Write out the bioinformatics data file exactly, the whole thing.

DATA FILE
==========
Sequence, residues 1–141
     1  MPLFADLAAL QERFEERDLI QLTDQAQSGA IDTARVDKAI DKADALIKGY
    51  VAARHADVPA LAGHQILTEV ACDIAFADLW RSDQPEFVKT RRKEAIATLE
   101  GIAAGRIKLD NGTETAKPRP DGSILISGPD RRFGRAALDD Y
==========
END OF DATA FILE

Sequence, residues 1–141
     1  MPLFADLAAL QERFEERDLI QLTDQAQSGA IDTARVDKAI DKADALIKGY
    51  VAARHADVPA LAGHQILTEV ACDIAFADLW RSDQPEFVKT RRKEAIATLE
   101  GIAAGRIKLD NGTETAKPRP DGSILISGPD RRFGRAALDD Y